In the old days, if you would do a search in a search engine, you would get a lot of irrelevant hits that for some reason contained the keyword you used. Nowadays search engines give you much better results, because they put the keyword into context. This new way of searching is called ‘Semantic Search‘. Waleed Ammar of the Allen Intitute for Artificial Ingelligence explains semantic search, the challenges and the state-of-the-art in a few short video clips.
Thomas Margoni and Giulia Dore of the University of Glasgow have developed a matrix and two fact sheets on open science and licensing. They presented the tools at the IP summer summit in Glasgow last June. The tools can help researchers, repository owners and many others with how to use open access licences in the context of text and data mining. Curious? You can access the tools through the links in this blogpost.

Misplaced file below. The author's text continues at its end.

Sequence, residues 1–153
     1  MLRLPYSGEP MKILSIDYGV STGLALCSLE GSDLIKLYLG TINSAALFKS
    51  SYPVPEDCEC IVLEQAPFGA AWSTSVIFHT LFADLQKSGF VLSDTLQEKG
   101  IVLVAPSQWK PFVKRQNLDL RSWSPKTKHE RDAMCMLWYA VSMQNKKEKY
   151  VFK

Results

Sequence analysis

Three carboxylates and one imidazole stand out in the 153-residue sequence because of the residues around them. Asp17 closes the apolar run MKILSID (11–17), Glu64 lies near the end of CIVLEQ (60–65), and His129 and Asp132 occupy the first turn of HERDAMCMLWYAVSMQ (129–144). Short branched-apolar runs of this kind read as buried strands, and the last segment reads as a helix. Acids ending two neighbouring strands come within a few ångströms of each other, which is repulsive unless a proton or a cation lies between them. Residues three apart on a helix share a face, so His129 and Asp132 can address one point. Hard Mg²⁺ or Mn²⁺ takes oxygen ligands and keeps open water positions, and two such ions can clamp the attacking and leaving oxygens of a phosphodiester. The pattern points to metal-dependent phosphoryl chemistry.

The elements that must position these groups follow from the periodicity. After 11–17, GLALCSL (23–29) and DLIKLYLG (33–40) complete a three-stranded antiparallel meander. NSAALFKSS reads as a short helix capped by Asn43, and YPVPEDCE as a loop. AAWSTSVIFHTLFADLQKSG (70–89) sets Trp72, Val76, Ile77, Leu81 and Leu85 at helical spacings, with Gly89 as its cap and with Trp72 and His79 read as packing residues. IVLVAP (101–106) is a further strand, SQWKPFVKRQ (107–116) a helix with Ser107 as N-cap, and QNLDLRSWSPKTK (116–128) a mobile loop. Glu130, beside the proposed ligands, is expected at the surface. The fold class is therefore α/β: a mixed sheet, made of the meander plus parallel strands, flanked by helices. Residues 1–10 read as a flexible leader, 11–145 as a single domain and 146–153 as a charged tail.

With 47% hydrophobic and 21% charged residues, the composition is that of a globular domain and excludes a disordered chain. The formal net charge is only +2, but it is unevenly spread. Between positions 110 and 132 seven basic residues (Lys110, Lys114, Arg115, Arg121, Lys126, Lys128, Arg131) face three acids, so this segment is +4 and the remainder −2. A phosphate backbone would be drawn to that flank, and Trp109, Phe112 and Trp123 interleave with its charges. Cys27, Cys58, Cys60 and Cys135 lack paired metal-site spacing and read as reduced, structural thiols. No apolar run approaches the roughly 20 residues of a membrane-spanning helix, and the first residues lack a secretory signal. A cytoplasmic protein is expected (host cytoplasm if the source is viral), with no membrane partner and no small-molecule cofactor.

Are you ready to develop and share an application or software component for text and data mining (TDM)? Or do you have knowledge resources that you would like to share and integrate with our platform? OpenMinTeD is looking for service providers, innovators, SMEs and researchers who can join and build on the platform! You can apply for this call until 14 January 2018. Winners of the call will be awarded a sum of money to implement their plans. You will also be part of an online hackathon to help you along the way.
Mads Rydahl is the founder of UNSILO, a Danish start-up that applies machine learning to scientific publishing.
Iana Atanassova, Centre Tesnière – CRIT, University of Bourgogne Franche-Comté, is using Text and Data Mining (TDM) to study full-text scientific articles. Studying these papers can be a challenge, as they are usually in a format that is hard to process.
Daniel Duma is a PhD candidate at Alan Turing Institute and University of Edinburgh. He’s creating software that will plug into your existing word processor or text editor. The software will then use text and data mining to recommend papers that you should be aware of, you should read or that you would want to cite.